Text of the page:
1. A Single View of the Customer

The holy grail of data-driven customer centric marketers everywhere is the 360-degree unified single customer view of the customer. The ultimate goal is to know all there is to know about an individual customer, from behavioral data to transactional data, regardless of channel and persistently over time. The customer data platform is designed from ground-up to be a centralized repository for a single record of truth regarding a customer. CDPs ingest and sync customer data from any online or offline source, and unify that data through identity resolution and profile-unification with the help of a unique identifier.

  1. Omnichannel Marketing

The ability to support omnichannel marketing for a superior customer experience is a must-have for any organization, regardless of size or industry. Global retailers whose multichannel efforts are critical to survival were some of the early adopters of customer data platforms, as they need to be able to serve up custom experiences and offers across the globe. Plus, they must stay in compliance with international data privacy mandates like the GDPR, and a CDP is one of the only data management solutions designed to centrally manage all data with appropriate compliance controls and features, like the right to be forgotten.

  1. Data Integration and Management

This will be the primary use case for many companies who are considering adopting a CDP. The ability to collect data from various data-producing channels and platforms, from call centers to web to DMPs and CRMs, is a primary feature all enterprise-grade CDPs should offer. The data a CDP ingests can be structured, unstructured or semi-structured, can be stored without modification, or it can be reformatted and unified to be used in data-driven marketing campaigns.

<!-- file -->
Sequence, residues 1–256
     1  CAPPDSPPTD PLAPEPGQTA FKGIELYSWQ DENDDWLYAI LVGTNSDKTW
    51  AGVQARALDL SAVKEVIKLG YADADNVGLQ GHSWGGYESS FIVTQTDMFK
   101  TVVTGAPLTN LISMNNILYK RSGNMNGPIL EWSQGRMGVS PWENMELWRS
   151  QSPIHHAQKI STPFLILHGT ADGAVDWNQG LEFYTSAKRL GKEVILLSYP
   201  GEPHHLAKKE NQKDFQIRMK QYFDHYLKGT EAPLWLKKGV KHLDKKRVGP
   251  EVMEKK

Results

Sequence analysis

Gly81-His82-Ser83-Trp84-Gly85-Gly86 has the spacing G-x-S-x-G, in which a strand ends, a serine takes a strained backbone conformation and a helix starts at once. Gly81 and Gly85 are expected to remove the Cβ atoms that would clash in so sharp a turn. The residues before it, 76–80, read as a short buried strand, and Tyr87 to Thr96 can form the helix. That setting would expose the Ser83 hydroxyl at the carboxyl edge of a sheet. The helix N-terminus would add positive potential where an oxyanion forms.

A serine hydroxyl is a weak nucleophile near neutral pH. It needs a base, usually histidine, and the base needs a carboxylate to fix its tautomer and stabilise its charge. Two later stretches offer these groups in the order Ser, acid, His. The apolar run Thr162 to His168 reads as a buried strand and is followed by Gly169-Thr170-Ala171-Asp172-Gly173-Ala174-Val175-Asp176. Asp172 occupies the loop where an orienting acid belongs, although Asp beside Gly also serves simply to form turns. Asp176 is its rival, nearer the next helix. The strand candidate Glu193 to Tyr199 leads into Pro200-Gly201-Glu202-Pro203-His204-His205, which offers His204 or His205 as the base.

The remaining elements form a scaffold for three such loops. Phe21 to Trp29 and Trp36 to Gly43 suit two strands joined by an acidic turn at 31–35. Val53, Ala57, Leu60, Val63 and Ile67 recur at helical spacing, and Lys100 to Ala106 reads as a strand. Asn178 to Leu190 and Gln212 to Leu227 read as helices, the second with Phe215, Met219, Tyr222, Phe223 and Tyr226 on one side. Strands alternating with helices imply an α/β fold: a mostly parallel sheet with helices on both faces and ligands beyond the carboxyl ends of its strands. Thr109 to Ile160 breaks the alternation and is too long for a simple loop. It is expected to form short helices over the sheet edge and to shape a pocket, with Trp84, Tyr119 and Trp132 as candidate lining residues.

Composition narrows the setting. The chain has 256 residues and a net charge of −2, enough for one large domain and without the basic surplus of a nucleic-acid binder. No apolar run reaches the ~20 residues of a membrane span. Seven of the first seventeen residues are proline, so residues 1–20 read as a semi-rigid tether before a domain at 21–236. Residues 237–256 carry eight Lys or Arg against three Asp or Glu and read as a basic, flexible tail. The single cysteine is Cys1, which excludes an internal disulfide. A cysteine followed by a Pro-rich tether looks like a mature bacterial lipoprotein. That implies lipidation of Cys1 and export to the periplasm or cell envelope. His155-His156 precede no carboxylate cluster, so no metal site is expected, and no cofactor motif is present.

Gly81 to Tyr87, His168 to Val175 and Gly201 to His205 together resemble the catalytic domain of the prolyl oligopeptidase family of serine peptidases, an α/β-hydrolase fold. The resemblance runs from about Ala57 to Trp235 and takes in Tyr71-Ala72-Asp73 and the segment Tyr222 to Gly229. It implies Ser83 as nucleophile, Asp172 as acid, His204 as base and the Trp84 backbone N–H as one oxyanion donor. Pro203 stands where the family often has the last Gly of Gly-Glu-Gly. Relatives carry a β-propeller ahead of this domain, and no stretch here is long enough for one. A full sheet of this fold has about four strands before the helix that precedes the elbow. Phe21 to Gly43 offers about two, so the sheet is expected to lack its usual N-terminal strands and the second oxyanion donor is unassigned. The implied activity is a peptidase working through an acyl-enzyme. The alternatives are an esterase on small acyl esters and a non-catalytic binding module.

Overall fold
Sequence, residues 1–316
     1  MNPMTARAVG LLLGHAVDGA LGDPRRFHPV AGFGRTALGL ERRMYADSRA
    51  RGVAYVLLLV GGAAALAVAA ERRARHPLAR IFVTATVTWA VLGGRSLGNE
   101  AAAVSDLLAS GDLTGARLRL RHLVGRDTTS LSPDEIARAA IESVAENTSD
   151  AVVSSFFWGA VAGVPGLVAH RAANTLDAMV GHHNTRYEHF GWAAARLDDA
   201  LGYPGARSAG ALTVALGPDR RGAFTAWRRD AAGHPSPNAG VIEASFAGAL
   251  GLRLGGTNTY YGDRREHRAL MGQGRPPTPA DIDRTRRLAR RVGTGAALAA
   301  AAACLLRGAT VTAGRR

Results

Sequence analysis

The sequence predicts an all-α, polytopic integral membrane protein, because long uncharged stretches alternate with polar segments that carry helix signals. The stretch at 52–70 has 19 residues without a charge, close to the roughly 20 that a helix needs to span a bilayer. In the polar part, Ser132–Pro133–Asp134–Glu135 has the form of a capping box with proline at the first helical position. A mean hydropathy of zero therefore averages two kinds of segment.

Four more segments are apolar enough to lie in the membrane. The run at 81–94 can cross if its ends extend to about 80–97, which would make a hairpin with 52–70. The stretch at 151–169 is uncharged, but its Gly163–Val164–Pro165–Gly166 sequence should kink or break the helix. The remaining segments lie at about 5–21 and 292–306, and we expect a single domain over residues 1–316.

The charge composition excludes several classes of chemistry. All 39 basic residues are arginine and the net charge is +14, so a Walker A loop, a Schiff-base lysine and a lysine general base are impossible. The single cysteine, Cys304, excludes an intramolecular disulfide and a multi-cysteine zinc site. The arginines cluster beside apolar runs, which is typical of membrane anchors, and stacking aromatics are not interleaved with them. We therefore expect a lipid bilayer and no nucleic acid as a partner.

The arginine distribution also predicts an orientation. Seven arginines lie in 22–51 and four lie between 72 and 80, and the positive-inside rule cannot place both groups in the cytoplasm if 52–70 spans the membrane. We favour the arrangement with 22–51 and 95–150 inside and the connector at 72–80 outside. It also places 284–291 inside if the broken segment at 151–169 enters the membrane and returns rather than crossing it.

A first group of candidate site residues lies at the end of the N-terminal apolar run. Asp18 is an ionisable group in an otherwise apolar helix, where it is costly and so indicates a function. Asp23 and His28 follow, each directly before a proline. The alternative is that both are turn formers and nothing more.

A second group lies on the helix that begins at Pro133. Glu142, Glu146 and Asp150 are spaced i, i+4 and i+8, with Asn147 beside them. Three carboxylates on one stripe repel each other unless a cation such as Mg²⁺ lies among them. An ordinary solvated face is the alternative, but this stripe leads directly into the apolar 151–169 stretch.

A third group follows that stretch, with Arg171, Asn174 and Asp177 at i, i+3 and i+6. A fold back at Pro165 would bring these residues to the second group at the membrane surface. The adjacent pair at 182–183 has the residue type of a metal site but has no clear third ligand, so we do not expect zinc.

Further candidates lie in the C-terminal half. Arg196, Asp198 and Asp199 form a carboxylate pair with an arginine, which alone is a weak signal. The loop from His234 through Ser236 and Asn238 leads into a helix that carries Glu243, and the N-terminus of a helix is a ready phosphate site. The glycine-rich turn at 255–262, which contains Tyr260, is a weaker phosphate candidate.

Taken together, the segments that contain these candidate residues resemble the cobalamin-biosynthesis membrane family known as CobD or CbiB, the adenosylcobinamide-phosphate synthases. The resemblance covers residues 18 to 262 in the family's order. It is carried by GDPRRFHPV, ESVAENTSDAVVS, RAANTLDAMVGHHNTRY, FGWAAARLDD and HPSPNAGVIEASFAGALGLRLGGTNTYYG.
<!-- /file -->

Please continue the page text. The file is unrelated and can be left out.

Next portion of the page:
1. Data Privacy and Governance

The expectations of customers for how a brand manages and stores their data has increased significantly since the COVID-19 pandemic. Customers want permission for you to use your data, and they want to know how it will be used. And regulations like the GDPR and CCPA ensure their wishes will be acknowledged. The good news is customers are happy to approve the use of their data as long as they get something valuable back for it. Since CDPs provide a single source of truth regarding a customer’s data, they are the ideal solution to get and stay in compliance with regulations.

  1. Marketing Automation

While a CDP is not a replacement for a marketing automation system (MAS), it can work in tandem with one to improve the efficacy and efficiency of your marketing operations. Marketing automation can typically make time-consuming activities like lead qualification and campaign creation much less onerous. CDPs provide advanced artificial intelligence (AI) and machine learning (ML) tools to assist in automating marketing tasks. A CDP enables real-time campaign activation allowing marketers to deliver highly-personalized marketing campaigns across all areas of customer engagement.

Looking Forward

Defining your primary use cases up front will give you the information you need to do proper due diligence when reviewing both a customer data platform as well as supporting vendors. While there are several popular use cases that CDPs are used for, like personalization and data privacy and governance, starting with a pilot use case to sell the software through to your entire organization for buy-in and alignment is critical to success. Customer data platforms are extremely broad in application, so while they are most commonly used for data integration and omnichannel marketing, they can be leveraged for use in dozens of unique applications. It all depends on what your needs are.

Brian Carlson
Brian Carlson
Brian Carlson is the Founder and CEO of RoC Consulting, a digital consultancy that helps brands establish the optimal balance of content, technology and marketing to achieve their goals.
Share on facebook
Facebook
Share on twitter
Twitter
Share on linkedin
LinkedIn

Related Posts

Subscribe to our Newsletter

Thank you for subscribing to our newsletter.